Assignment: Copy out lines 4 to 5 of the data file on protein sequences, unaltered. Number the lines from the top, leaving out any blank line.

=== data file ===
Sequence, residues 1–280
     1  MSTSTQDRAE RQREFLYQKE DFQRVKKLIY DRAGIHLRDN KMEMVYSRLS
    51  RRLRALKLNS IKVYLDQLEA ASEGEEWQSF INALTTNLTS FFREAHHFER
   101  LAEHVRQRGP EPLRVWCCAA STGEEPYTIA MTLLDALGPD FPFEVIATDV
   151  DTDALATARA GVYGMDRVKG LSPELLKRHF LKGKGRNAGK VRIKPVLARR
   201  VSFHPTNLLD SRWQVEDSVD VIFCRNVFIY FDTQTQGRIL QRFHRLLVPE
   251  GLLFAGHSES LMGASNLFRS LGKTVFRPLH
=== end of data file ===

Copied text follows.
   101  LAEHVRQRGP EPLRVWCCAA STGEEPYTIA MTLLDALGPD FPFEVIATDV
   151  DTDALATARA GVYGMDRVKG LSPELLKRHF LKGKGRNAGK VRIKPVLARR